ABOVE IT ALL By Dana Rettke

As soon as the Delta flight attendant noticed my predicament, she came over bearing sympathy and a promise.

I’d just scrunched my 6-foot-8 frame into the narrow middle seat and was trying to get mentally prepared for the upcoming 13-hour flight from Los Angeles to Shanghai, China.

It’s a crazy-long trip regardless, but the idea of spending it contorted between two strangers – with little to no room to stretch out – seemed particularly cruel no matter how many Netflix downloads I’d be able to watch.

I’d arrived in LA that mid-May morning after a four-hour flight from Chicago to catch up with fellow members of the USA Collegiate National Team. We were headed to China for a five-match, 10-day volleyball tour that would take us to Shanghai, Jiashan, Pinghu City and Beijing.

I was pumped for my first visit to Asia, for making new friends, for representing my country and the Wisconsin volleyball program, but there was nothing at all appealing about squeezing into a middle seat for the longest flight of my life.

Before I got completely settled, though, one of the flight attendants came over and vowed that if there was an aisle seat available after everyone was on board, she’d move me.

I can’t begin to say how thankful I was that she found one.

In my world, you can never have enough leg room.

. . .

I’m not your typical 19-year-old woman.

According to the National Center for Health Statistics, the average height for women in the United States is 5-4.

That was me in the fourth grade.

I was 6-1 in the seventh grade and measured 6-4 when I enrolled at Riverside-Brookfield (Illinois) High School.

By the time I was a sophomore, I was 6-7.

In my world, you can never have enough leg room

By the time I came to Madison to be a middle blocker for the Badgers in January of 2017, I was 6-8, making me one of the tallest volleyball players in Division I.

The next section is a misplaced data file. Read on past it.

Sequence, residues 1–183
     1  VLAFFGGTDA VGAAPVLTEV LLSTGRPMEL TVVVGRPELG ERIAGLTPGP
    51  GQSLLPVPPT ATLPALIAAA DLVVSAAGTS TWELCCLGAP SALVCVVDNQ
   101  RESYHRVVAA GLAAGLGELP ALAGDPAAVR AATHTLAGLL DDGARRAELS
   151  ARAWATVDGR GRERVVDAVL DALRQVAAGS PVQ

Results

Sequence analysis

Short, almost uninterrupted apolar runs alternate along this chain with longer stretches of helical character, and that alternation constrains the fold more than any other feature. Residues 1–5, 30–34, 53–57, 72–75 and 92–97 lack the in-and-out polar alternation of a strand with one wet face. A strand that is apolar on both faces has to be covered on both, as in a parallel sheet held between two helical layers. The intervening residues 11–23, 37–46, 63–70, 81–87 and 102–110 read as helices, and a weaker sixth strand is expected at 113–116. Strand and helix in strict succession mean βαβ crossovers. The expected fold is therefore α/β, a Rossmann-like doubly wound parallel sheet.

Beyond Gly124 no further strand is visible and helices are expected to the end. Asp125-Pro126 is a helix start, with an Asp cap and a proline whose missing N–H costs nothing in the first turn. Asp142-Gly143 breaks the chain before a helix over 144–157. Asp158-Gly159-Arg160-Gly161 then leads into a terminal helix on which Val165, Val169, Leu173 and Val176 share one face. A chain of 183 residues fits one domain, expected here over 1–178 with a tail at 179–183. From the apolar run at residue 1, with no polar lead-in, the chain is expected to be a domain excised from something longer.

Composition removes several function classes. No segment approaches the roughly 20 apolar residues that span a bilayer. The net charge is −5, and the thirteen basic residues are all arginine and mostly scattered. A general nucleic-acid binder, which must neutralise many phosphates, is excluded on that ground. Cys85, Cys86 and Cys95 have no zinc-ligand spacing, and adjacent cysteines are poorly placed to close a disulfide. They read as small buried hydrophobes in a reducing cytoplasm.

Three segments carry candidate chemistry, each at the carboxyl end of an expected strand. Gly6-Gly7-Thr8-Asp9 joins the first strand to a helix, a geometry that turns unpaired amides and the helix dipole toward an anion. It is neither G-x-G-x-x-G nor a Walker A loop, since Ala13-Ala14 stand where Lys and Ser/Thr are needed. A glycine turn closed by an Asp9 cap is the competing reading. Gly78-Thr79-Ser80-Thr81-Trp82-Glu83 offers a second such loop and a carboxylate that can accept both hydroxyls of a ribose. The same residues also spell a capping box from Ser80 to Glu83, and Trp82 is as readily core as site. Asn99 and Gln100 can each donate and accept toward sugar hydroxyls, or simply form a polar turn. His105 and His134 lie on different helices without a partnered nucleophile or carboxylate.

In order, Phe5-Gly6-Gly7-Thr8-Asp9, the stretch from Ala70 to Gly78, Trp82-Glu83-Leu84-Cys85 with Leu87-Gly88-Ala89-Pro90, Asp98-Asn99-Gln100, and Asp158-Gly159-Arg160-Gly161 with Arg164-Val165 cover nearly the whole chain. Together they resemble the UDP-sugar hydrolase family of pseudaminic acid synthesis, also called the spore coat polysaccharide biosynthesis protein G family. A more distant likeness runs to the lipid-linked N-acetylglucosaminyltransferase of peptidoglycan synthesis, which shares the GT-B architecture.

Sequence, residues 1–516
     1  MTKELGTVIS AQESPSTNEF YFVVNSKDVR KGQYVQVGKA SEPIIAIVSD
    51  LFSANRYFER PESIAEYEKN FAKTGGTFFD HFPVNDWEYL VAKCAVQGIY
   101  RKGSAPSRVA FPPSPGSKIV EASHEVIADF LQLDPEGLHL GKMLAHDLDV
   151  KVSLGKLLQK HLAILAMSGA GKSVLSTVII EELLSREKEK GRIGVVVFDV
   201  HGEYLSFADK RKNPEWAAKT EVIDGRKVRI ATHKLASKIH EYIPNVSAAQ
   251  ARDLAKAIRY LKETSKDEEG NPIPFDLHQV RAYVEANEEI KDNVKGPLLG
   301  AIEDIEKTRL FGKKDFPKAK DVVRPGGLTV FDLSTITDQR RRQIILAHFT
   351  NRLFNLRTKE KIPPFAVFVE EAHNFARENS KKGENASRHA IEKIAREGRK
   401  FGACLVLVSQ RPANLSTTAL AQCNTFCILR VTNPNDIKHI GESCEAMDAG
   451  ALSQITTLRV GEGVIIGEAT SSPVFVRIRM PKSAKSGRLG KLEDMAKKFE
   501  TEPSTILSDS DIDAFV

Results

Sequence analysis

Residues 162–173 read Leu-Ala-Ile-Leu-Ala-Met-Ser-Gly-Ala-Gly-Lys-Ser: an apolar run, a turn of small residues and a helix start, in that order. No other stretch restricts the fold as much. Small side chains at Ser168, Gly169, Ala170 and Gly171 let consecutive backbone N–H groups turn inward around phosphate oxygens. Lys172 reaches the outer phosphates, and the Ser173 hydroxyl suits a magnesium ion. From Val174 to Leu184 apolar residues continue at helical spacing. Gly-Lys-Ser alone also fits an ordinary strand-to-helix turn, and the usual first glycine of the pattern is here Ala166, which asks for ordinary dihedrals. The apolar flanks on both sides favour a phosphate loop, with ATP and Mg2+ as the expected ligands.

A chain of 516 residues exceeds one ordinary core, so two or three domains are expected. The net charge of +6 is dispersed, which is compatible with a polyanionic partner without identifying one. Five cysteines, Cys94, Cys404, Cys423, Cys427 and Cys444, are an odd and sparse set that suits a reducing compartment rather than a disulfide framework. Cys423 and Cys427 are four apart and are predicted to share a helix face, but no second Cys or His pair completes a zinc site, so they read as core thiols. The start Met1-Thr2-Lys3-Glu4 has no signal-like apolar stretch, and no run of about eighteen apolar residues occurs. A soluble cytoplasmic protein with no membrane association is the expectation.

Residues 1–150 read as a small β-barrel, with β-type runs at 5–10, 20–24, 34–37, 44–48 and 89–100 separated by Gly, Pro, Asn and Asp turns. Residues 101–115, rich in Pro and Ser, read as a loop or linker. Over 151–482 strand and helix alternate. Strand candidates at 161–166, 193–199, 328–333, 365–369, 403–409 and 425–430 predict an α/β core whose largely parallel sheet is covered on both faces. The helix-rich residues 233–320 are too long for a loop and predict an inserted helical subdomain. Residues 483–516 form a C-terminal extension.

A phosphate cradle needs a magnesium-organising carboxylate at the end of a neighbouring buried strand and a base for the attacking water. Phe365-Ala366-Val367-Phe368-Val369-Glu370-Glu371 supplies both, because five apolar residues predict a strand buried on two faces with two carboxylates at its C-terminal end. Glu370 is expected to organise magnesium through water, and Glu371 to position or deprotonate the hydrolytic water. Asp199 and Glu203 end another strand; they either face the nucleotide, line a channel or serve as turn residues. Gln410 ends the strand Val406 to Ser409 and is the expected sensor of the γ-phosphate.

I have company. Rachael Kramer of Florida and Merete Lutz, formerly of Stanford, are also 6-8 in a sport where most players are between 5-10 and 6-2.

For all its labels and challenges, I love being tall and with every passing day I become more aware of what a blessing it is and how fortunate I am.

Looking back, I grew up in a special, wonderful, accepting environment.

I wasn’t bullied as a kid, online or otherwise.

I wasn’t teased nor was I singled out for being different even though I literally stand out in a crowd.

I think there are some good reasons for that.

My parents, John and Kathy, never made an issue of my height. They never sat me down and said, “Look, you’re different.’’ They never sat me down and had one of those kids-can-be-mean talks. They never had me stand with my back to a door frame and measure my growth with a pen mark.

They just loved me and supported my many activities and interests as I matured. I took part in basketball, soccer, softball, swimming and track. I also took dance lessons in jazz and tap.

The way I grew up, I never really realized that I was much different than anyone else.

I attended kindergarten and elementary school with the same 19 kids. I grew up with them and we were like family. Two of my best friends to this day, Molly Gates and Rachel Magee, were part of that group.

It was the same thing when I got to middle school and high school. I knew a lot of kids from doing sports in my town and around the area.

I never thought I was different, honestly.